Carpentier in Commercial Art and Advertising
It is difficult to overstate the extent to which visual representation are, and always have been, an integral part of the world of boxing. While boxing is often described as the most literary of sports, lending itself, for various and complex reasons, to compelling verbal representations better than any other sport, it is also the most profoundly visual of sports. Boxers have always been visual icons. From paintings and statuary in Greece and Rome to sporting prints of the epic battles of the bare-knuckle era to photographs of the great John L. Sullivan and Gentleman Jim Corbett to the many iconic images of Muhammad Ali, portraits of boxers have played an essential role in the cult of the boxer as hero and idol.  To this day, the walls of boxing gyms are plastered with posters and pictures of the greats of the sport, both past and present. If gyms are temples, the pictures on the wall are icons, representations of saints. The images are there to be worshipped but also to serve as inspiration, to provide role models, and to impart a sense of history and visual literacy to young boxers.
Beginning circa 1911 and continuing for more than a decade, Carpentier’s image would be ubiquitous, etched onto the collective consciousness by dint of sheer repetition. Not only were there pictures in newspapers all over the world, but fans could collect cards inserted into magazines and indeed into everything from cigarette packs to chocolate bars to razor blades. Typically, these cards depict Carpentier in some sort of conventional boxing pose and include a thumbnail biography on the back. They are often printed as part of a series, with Carpentier being one among a dozen or more boxing or sports greats represented in the series. Items of this sort were available in a number of countries throughout the world and over a period of many years. Carpentier (and the other iconic boxers of the period) become not only household names but household objects. (Numerous example trade cards depicting Carpentier can be found on this site in the “Trading Cards” folder.)
There were also widely-circulated postcards of Carpentier. Of particular note are those in a numbered series printed by the well-known photographer and postcard manufacturer Alfred Noyer in Paris in 1921, no doubt to capitalize on the Carpentier-Dempsey bout. With the exception of a couple of shots showing only head and shoulders and one suit-and-tie portrait, most of the cards in Noyer series show the French boxer, bare-chested and wearing his usual white fitted trunks with the tri-color sash, in a variety of different boxing poses. The poses are highly estheticized, more sculptural than realistic, and clearly intended to display various aspects of Carpentier’s musculature to their best advantage. Each of the numerous variations included a facsimile Carpentier autograph on the front. Circa 1919-1924, there were also portrait postcards printed by Dix in France and numerous ring action cards, of the Beckett, Dempsey and Siki bouts, printed by Beagles in England. (Numerous examples of the various series of post cards can be found in the various image galleries on this site; see especially “Portraits.”)
Carpentier fans could also buy a “suite of original prints” by an artist named M. Merignargues. The twelve prints begin with a profile portrait of the handsome boxer and include representations of him in motion, throwing various punches from various angles, bare chested and in his customary white form-fitting trunks and black boxing shoes. These prints are in all likelihood artistic renditions of, or at least very heavily inspired by, the Noyer postcard series. This is obvious in the profile portrait and in a variety of sculptural poses, including a full-length pose in which Carpentier’s head is turned to the side, his left arm fully extended and his right cocked back at shoulder height, almost as if he is poised to shoot an invisible arrow from an invisible bow. Fans with more high-brow tastes were no doubt attracted by the “real art” allure of the prints (while not great art, they are in fact well done and esthetically pleasing).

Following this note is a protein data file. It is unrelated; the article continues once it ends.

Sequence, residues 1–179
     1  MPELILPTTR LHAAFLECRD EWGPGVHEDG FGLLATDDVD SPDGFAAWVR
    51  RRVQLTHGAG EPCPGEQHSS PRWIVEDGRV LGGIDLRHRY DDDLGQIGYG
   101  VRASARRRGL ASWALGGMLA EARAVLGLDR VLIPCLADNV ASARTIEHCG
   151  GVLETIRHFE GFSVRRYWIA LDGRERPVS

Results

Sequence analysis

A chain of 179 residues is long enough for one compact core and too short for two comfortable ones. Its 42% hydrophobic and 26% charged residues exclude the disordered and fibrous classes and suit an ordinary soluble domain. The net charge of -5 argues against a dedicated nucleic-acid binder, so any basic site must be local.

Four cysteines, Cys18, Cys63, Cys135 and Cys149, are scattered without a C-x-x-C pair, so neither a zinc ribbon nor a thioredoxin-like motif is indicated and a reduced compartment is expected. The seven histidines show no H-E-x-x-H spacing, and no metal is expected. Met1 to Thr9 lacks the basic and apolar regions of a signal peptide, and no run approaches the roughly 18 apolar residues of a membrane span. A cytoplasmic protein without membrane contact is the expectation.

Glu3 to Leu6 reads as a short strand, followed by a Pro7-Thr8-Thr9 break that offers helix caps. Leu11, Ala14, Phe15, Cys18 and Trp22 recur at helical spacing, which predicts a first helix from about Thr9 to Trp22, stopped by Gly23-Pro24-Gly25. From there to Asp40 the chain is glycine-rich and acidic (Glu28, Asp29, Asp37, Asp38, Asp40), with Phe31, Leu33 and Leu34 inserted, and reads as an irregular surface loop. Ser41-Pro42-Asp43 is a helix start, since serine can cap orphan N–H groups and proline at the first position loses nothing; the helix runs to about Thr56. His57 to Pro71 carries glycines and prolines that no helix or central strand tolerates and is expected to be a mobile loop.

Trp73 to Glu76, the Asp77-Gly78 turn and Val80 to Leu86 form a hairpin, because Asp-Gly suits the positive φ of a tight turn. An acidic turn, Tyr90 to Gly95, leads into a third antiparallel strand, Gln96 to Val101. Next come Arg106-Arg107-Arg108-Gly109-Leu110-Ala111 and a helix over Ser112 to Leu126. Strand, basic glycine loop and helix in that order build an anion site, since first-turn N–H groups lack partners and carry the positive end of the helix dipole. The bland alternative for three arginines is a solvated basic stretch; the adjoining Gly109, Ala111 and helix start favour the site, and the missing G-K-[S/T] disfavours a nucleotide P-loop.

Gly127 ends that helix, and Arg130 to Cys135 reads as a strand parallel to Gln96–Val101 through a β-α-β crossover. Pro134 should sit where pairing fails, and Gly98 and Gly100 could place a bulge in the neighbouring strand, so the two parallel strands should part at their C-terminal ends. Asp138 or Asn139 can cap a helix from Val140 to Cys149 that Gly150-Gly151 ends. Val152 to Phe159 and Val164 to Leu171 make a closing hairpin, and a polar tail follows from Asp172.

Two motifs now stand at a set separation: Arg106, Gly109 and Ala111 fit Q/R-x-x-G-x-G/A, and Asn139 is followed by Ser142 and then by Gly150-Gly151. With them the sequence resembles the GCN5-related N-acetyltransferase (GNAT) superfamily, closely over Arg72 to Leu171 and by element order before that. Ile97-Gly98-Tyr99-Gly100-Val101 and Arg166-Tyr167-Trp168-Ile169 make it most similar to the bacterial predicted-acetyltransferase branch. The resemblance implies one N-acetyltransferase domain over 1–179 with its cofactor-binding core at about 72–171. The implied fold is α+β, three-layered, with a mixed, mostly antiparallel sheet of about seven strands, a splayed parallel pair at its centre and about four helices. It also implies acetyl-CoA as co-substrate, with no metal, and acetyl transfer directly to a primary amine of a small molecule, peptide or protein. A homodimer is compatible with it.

Carpentier’s image was not used merely to sell itself, however; it also served to sell a surprising range of consumer goods of various kinds. Given his well-deserved reputation as a snappy dresser, the ads for hats and suits make sense. Less obvious was the line of aluminum pots and pans that bore his name (and in which he infamously invested, and lost, a considerable chunk of his fortune). An ad in the January 1, 1921 edition of L’Echo des sports exhorts readers to take advantage of a special offer for what appears to be a line of pots and pans for children (“It’s not too late to make your children happy”). In the February 2 edition, there is another ad for Carpentier pots and pans, this one presumably for adults. It shows Carpentier, bare chested, handing out pots and pans directly from the factory to a clamoring crowd below. There was also a radiator cap made in the likeness of Carpentier, for those fans who wished to have their idol riding with them on their travels.
 Lord Byron’s dressing screen, decorated with images of his favorite boxers, is perhaps the most eloquent and certainly most famous expression of the importance of visual representations to the culture of boxing. See Tom Sawyer, Noble Art: An Artistic and Literary Celebration of the Old English Prize-Ring (London: Unwin Hyman, 1989): 57-59, on Byron’s screen. Return to text
 The Musée de la Boxe, in Sannois, France, has the radiator cap on display and identifies it as having been produced at some point between 1915 and 1920. Return to text